Summer 2017

A Quarterly Note from our Executive Director

Last month, Philadelphia became the first city in its entirety to be distinguished by the the National Trust for Historic Preservation as one of their National Treasures. The National Trust designation adds to many such recognitions, including the 2012 designation of Chestnut Hill by the American Planning Association as one of their “Great Places in America,” and the 1987 recognition of the neighborhood by the National Park Service as one of the country’s largest National Register Historic Districts.

Our Residential Conservation, Preservation, and Development Study couldn’t come at a more appropriate time. Conducted with the Chestnut Hill Community Association earlier this year, the study’s release coincides with the National Treasure designation and the launch of Mayor Kenney’s Preservation Task Force to reassess how the city preserves its historic resources.

As greater Philadelphia considers the future of its resources, Chestnut Hill is also experiencing great potential for change through development pressure as well as planning efforts. This fall, the Philadelphia City Planning Commission is due to commence its Upper Northwest Philadelphia District Plan affecting Chestnut Hill and other Upper NW neighborhoods—one of the final elements of the Philadelphia2035 Comprehensive Plan. In addition to the detailed set of maps illustrating what exist—and what’s at stake (highlighted in last month’s news)—we’re hoping that this study also will provide a set of management tools to contribute to a larger discussion about managing change in our neighborhoods.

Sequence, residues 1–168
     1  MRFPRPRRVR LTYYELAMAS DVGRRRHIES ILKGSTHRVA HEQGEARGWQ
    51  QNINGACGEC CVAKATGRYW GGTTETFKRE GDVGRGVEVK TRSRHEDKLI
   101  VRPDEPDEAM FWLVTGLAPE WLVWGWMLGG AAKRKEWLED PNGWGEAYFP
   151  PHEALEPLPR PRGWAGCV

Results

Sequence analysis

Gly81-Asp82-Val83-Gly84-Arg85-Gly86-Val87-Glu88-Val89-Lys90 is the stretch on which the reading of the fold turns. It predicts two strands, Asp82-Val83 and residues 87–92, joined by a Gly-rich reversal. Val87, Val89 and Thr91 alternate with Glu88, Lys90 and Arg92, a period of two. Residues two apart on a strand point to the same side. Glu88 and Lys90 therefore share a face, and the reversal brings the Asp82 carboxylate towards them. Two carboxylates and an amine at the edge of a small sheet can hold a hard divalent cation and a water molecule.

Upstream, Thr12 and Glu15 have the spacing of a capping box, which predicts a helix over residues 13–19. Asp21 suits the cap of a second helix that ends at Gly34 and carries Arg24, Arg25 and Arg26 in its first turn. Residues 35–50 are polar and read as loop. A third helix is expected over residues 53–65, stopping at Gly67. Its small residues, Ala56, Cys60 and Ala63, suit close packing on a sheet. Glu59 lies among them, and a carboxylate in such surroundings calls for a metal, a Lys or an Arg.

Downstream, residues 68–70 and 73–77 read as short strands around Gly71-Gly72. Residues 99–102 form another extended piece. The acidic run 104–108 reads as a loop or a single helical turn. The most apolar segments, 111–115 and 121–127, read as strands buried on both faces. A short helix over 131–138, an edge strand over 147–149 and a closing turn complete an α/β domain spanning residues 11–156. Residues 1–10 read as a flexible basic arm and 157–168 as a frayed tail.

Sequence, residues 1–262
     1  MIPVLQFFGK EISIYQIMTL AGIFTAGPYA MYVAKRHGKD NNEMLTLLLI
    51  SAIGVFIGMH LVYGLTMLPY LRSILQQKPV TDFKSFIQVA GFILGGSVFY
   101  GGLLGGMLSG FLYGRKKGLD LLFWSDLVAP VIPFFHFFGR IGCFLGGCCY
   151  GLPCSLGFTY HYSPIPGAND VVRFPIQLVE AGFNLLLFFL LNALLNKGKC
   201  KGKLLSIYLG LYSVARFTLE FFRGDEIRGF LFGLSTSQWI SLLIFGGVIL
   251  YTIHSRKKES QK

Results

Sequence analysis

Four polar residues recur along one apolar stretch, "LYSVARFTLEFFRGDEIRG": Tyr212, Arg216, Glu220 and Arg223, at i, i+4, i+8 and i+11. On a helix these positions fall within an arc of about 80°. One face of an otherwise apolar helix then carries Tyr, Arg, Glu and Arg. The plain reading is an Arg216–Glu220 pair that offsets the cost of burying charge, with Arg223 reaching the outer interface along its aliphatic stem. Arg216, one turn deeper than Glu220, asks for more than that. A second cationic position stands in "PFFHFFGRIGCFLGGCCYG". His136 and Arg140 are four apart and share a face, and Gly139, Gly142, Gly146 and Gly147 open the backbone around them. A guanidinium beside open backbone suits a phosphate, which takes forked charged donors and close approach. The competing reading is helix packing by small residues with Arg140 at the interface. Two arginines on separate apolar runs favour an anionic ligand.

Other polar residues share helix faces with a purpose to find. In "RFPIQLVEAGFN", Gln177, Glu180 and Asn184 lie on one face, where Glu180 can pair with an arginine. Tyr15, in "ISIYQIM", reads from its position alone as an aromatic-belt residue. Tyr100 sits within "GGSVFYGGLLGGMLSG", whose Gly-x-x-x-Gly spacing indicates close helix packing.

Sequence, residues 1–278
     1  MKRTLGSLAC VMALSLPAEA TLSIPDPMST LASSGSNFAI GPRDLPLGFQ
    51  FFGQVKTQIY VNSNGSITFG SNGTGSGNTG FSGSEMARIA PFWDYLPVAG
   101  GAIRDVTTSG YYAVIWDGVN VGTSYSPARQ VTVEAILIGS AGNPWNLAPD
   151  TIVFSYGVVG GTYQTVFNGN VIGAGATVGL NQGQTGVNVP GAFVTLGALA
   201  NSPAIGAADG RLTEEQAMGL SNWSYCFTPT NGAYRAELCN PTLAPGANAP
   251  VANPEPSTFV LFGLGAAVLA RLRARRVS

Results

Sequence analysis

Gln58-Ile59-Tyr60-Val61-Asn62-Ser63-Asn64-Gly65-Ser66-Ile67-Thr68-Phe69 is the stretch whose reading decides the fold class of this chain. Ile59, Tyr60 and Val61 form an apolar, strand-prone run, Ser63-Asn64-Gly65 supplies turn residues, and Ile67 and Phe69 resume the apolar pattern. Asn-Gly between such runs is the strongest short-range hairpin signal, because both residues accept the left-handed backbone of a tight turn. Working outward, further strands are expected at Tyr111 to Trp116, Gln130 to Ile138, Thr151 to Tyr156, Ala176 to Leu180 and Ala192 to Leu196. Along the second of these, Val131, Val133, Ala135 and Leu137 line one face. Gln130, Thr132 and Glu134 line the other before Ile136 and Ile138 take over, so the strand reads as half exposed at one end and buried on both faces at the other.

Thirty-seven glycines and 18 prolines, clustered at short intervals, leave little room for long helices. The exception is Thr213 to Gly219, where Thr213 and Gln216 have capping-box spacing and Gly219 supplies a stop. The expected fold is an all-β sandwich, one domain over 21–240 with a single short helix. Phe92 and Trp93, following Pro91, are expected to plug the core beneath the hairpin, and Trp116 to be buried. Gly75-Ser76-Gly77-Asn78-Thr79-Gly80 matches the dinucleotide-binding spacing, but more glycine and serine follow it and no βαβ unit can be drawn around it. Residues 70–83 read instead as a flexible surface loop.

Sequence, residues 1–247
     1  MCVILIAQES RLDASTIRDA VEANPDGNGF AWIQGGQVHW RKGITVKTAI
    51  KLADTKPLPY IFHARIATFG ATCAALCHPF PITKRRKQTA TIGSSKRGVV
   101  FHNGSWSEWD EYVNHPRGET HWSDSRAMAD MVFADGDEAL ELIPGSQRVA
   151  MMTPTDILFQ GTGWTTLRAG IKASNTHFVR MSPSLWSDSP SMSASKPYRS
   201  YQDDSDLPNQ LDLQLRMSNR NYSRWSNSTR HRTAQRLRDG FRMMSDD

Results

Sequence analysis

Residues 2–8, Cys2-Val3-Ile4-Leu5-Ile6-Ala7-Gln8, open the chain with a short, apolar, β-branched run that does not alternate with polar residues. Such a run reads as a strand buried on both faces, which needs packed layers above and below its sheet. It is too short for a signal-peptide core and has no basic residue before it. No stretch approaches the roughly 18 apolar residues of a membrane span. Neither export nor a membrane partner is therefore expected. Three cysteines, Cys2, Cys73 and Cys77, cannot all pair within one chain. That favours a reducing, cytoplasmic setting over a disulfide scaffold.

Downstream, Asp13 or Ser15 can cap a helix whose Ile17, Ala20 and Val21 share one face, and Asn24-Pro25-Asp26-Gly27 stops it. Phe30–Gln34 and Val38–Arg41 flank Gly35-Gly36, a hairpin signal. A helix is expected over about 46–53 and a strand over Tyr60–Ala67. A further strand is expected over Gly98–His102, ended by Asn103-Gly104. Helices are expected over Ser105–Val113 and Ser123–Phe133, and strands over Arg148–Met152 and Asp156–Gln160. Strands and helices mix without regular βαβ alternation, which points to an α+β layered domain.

And with fall lining up, we’re looking ahead to cooler-season events: be sure to check out the September 12 opening of our Wissahickon Collection Exhibit at the Friends of the Wissahickon headquarters, our Discovering Chestnut Hill walking tour series, and the spectacular Night of Lights illuminating Germantown Avenue on October 6!

We’re also excited for our 50th Anniversary Preservation Celebration, this year atGuildford (formerly the Wharton Sinkler Estate), and are now accepting nominations for the 2017 Architectural Hall of Fame, which will be unveiled there. Mark your calendars forDecember 2 and put forward your favorite building for the vote!

And see you out there on the Hill!
Lori Salganicoff,
Executive Director
Chestnut Hill Conservancy